Scarce Goods
Justice, Fairness and Organ Transplantation
Praeger Pub. 2001 ISBN 0-275-97433-2

A "must read" book for all interested in organ transplantation and the policies that supervise it internationally and in the USA.

"Tom Koch has written and impressive book. Important reading for anyone interested in issues of justice in healthcare, and especially organ transplantation." Mark G. Kuczewski, Associate Professor and Director Neiswanger Institute for Bioethics and Health Policy Loyola University, Chicago
"Dr. Koch's Scarce Goods rethinks the debate about the distribution of organs for transplantation. His use of maps to analyze what is happening today and to examine alternative strategies reshapes and advances our thinking." Denis Wood, Author The Power of Maps, Home Rules, Seeing Through Maps.
"For those concerned about justice and fairness in the distribution of organs for transplanting, a new book by Tom Koch is a definite "Must read". Berkely Organs Watch News 12, 2002.

"A valuable contribution to the literature on organ transplantation and thoughtful critique of the current system."

Science and Public Policy (Summer, 2002).


In 1841 the American sailing ship William Brown struck an iceberg. About half of the passengers and all of the crew were saved in two small, open boats. The next night, half of the passengers in the larger long-boat were thrown overboard because the boat was over full. This was the first case of "lifeboat ethics," of hard choices in the face of scarcity. Since then the question has been "who should die so that others, equally needy, might live?" Both the case of the William Brown and the ethics it spawned have been used in recent years to describe the problem of health care rationing generally, and organ transplantation specifically.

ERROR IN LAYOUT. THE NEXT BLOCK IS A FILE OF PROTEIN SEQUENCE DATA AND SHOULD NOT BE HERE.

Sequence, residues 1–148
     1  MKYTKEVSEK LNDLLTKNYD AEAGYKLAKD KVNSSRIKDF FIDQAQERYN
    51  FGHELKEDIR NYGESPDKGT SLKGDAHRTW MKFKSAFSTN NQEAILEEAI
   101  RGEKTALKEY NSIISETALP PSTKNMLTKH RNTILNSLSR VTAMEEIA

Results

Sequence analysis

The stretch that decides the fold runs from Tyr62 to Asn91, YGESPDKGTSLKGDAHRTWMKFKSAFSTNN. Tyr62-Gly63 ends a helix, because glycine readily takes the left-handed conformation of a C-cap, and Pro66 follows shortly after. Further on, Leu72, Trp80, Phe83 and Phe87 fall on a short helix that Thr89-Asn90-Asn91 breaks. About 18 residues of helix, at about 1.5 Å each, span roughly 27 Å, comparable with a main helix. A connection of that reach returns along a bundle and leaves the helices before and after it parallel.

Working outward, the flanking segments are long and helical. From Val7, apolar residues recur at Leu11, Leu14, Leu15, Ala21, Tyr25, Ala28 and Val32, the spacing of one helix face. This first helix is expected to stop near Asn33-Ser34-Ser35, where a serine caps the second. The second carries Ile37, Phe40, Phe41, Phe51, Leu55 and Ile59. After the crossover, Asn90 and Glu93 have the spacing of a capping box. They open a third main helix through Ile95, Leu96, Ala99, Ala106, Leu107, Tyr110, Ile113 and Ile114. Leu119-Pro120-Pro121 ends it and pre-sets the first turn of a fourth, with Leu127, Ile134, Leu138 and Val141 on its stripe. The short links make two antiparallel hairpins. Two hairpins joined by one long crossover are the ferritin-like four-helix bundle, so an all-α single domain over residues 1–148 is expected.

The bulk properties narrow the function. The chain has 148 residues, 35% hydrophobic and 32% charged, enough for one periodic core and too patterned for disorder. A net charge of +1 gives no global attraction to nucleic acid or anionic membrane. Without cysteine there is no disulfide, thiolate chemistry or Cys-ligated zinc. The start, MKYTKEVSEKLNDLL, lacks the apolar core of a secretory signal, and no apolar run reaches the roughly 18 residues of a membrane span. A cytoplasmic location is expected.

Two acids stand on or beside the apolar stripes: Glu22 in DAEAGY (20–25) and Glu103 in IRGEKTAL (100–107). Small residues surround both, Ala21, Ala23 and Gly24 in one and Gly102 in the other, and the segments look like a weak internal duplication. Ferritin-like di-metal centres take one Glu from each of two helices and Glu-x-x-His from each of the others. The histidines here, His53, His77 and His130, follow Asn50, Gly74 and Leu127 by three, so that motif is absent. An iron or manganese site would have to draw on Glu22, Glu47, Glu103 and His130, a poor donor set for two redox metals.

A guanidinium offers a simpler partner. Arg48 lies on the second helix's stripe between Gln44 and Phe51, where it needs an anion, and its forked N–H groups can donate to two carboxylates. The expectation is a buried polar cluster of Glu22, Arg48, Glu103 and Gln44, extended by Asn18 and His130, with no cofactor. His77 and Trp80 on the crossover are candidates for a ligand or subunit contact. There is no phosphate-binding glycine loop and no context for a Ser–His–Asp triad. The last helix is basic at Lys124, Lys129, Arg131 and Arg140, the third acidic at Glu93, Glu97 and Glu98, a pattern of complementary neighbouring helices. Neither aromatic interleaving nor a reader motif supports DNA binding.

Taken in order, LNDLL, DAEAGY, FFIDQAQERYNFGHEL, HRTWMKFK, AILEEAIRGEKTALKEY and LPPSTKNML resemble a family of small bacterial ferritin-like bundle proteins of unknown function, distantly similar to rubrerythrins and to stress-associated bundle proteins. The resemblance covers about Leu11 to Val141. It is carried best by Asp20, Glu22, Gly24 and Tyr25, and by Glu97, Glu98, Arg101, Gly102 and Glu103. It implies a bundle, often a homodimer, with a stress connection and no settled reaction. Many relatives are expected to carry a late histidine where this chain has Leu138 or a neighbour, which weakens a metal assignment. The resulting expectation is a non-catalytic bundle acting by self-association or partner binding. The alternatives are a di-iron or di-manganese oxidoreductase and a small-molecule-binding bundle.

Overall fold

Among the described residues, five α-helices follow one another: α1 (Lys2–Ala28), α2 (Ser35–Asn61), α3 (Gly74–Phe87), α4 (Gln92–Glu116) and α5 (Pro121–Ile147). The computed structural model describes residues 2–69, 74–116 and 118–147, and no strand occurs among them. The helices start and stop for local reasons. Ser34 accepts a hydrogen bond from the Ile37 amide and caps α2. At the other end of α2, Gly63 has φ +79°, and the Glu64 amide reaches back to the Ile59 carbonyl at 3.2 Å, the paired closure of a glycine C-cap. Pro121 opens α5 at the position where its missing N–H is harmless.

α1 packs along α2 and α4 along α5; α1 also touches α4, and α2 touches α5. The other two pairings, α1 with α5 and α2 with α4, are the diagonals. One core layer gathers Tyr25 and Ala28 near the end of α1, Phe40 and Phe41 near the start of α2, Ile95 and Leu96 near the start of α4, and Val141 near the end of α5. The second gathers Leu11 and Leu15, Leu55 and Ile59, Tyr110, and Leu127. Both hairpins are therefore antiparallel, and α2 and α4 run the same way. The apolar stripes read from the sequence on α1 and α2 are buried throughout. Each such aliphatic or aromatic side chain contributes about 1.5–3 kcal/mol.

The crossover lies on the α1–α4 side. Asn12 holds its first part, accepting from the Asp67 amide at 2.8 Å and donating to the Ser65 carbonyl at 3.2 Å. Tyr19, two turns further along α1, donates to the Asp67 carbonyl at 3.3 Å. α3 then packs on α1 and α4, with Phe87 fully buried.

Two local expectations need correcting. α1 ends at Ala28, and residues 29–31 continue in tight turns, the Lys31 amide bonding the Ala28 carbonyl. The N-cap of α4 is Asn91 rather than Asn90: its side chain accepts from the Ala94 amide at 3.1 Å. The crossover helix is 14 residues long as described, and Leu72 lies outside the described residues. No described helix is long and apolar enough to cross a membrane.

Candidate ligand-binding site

Koch reexamines and reinterprets the paradigm case of lifeboat ethics, the story of the William Brown, not as an unavoidable tragedy, but as an avoidable series of errors. Its relation to more general issues of distributive justice are then considered. The lessons learned from both the historical review and its application to distributive principles are then applied to the problem of graft organ distribution in the United States. Through the use of maps, the problem of organ distribution is considered at a range of scales, from the international to the urban. The contextual issues become more evident as one moves from international to hemispheric, from national to regional, and then local systems. Finally, Koch reviews the lessons in light of other problems of distribution in the face of scarcity. The central lesson-that scarcity is exacerbated where it is not in fact created by our distributive programs-is explored thoroughly. The result is "no good choices" for anyone and the continuation of the scarcity that for most seems inevitable, but, from the evidence provided, is itself an outcome of inequalities of distribution at different scales of society. Of particular interest to students, scholars, and policy makers involved with issues of planning and health care economics, medical geography, and concepts of justice.